Manitoba famers are relieved warm weather has replaced endless amounts of precipitation.
The rain delayed seeding season for many farmers across southern portions of the province.
“By about this time (early June) we would see about 96 per cent of crop in the ground. That’s our five year average,” said Manitoba Agriculture’s Dane Froese “Right now we’re at about 65 per cent in the ground. We’ve been about a month behind since we got started,” he added.
The dry weather has allowed fields to dry and neighbouring rivers, lakes and streams to slowly recede from the fields.
Froese told 680 CJOB that favourable weather will not only be important in the near future but also during harvest and into early November.
According to Global News Meteorologist Peter Quinlan, 299.2 mm of precipitation through March, April and May while the average is 111.2. It’s the second wettest spring on record. 303.6 mm fell over the three months. Typically 115.5 mm falls during that same time, according to Quinlan.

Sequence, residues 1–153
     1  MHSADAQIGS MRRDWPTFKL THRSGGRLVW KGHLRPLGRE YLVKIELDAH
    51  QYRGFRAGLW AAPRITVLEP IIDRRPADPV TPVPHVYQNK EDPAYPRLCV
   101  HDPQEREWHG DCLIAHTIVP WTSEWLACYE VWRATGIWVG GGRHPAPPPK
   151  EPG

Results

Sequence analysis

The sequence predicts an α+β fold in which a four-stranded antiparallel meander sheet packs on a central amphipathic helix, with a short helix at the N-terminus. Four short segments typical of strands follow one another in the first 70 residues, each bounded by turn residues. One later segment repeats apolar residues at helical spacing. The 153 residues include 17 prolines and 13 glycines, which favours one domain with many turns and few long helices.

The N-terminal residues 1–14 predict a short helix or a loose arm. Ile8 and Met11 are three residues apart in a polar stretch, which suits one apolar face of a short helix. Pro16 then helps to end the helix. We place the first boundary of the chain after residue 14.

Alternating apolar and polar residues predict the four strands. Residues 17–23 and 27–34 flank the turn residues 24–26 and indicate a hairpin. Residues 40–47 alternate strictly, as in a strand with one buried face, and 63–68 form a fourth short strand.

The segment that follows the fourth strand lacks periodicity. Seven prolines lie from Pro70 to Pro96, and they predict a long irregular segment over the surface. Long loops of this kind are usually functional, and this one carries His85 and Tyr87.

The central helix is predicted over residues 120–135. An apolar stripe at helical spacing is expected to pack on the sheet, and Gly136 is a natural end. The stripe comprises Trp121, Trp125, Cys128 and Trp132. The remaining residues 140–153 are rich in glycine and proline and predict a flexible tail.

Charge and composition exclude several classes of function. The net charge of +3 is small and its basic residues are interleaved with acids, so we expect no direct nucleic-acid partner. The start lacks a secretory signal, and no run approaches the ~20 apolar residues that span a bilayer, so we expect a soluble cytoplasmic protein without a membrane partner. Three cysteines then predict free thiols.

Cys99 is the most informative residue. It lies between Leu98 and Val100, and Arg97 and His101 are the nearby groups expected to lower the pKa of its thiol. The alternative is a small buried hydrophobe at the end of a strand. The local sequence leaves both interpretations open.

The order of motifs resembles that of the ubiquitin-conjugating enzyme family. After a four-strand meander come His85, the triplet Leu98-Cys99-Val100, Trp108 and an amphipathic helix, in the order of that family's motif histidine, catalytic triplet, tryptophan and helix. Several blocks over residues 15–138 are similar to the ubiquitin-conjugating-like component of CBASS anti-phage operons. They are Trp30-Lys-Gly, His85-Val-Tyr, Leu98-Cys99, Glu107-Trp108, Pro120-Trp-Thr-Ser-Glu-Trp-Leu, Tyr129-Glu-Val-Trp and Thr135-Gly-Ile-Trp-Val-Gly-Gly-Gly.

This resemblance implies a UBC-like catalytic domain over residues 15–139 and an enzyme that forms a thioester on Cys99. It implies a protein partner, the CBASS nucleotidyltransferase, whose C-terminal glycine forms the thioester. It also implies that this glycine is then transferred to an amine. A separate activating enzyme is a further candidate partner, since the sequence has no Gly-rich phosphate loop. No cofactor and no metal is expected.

Despite it all, Froese noted producers are optimistic.
“It’s the nature of the job. I don’t know another career where you invest half a million dollars in the spring and hope you get half a million and a bit more in the fall,” he said.
“Knowing you can’t do much about it could perhaps make you feel a bit better. It’s not up to us and you do what you can. Sometimes you have to say there’s always next year and you keep trying ,” Froese said.